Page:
If you’d told me 30 years ago America would be in another Cold War with another communist superpower by 2019, I wouldn’t have believed you. If you had told me that, simultaneously, socialism would be the height of fashion with young Americans, I would have directed you to a psychiatrist.
But here we are. Three decades ago Francis Fukuyama published his seminal essay “The End of History?”, hailing the victory of liberal capitalism over all its ideological competitors, but especially over communism. The essay he needs to write today is “The Upend of History?”
In 2016 a Cold War between the United States and China seemed like the febrile fantasy of Steve Bannon and a few fringe academics. Even Donald Trump’s campaign threats to impose tariffs on Chinese goods struck me as a throwback to an earlier era. I remember patiently making the counterargument that the incoming Trump administration would be better served by improving relations with China and Russia and making the permanent members of the UN security council act like the five great powers after the Congress of Vienna — maintaining a global balance of power.
I had been reading too much Henry Kissinger. I should have listened more to Graham Allison, another Harvard-trained veteran of US national security policy. When he told me he was writing a book on the US-China relationship with the title Destined for War, I was incredulous. Chapeau, Graham. You were right.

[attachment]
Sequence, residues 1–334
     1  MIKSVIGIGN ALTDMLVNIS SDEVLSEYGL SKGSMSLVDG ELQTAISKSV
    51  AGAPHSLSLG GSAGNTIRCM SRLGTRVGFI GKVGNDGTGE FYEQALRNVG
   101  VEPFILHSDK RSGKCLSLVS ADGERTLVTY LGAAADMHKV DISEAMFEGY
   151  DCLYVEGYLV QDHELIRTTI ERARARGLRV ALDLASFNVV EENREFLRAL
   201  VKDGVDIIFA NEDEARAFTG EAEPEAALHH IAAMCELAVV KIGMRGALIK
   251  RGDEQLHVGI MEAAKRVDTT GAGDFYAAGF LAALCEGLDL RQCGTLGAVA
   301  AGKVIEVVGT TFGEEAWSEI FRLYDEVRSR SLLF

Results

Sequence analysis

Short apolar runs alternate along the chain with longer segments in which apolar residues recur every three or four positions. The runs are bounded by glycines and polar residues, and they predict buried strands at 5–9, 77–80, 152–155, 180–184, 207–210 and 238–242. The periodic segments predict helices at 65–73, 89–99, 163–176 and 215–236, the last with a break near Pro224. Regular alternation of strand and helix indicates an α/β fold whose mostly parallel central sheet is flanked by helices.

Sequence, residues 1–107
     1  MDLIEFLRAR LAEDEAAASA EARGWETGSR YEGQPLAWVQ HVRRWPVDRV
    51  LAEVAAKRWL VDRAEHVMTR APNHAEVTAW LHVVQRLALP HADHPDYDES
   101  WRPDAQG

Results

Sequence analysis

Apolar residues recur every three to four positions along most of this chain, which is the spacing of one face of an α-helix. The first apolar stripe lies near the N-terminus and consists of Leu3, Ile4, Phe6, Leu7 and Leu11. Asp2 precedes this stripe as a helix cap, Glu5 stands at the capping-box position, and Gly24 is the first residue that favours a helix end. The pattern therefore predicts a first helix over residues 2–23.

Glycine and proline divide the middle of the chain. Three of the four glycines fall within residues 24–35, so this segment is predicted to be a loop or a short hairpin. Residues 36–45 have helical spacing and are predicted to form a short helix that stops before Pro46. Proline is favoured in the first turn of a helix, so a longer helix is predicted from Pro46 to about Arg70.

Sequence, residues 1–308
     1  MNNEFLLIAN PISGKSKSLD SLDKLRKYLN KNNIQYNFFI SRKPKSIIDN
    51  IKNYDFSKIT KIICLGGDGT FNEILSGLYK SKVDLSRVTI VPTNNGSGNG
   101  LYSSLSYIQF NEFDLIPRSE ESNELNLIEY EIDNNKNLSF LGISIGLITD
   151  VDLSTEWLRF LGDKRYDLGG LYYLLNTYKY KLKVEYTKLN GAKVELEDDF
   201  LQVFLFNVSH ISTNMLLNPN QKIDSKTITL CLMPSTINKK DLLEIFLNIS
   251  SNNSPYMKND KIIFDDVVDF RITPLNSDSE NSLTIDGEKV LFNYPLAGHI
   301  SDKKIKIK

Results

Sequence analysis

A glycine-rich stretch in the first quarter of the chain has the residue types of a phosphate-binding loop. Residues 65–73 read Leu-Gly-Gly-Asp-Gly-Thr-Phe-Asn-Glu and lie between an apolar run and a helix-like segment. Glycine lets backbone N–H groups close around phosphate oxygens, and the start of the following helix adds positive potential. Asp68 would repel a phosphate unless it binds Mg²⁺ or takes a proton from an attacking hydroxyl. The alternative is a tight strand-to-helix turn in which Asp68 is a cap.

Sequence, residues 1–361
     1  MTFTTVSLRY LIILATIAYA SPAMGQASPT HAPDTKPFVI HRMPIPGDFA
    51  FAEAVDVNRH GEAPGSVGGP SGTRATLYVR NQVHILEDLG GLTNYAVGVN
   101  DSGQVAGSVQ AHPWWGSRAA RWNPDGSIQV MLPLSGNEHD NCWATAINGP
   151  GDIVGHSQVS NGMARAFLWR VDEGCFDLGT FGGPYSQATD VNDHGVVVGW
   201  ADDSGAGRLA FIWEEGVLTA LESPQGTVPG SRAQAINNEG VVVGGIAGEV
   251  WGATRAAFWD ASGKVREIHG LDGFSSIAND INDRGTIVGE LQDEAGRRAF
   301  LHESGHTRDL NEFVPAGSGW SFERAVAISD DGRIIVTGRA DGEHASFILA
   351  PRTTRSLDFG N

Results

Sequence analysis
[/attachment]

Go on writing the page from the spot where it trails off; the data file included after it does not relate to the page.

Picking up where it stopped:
“When a rising power threatens to displace a ruling power,” Allison wrote, “alarm bells should sound: danger ahead. China and the United States are currently on a collision course . . . War between the US and China in the decades ahead is not just possible, but much more likely than currently recognised. Indeed, on the historical record, war is more likely than not.”
Since the publication of Destined for War two years ago, the world has gone his way. It’s as if Allison’s “Thucydides trap” — derived from the ancient Greek historian’s observation that war between Athens and Sparta was inevitable — has a magnetic force, drawing the US and China towards it.
“What made war inevitable,” wrote Thucydides, “was the growth of Athenian power and the fear this caused in Sparta.” In the space of barely a year, Americans have suddenly grown fearful of the growth of Chinese power. What was once the position of a few alarmists is the new orthodoxy in Washington, shared by Republicans and many Democrats, foreign policy wonks and technology nerds. We may not be destined for a hot war, but we certainly are on track for a cold one.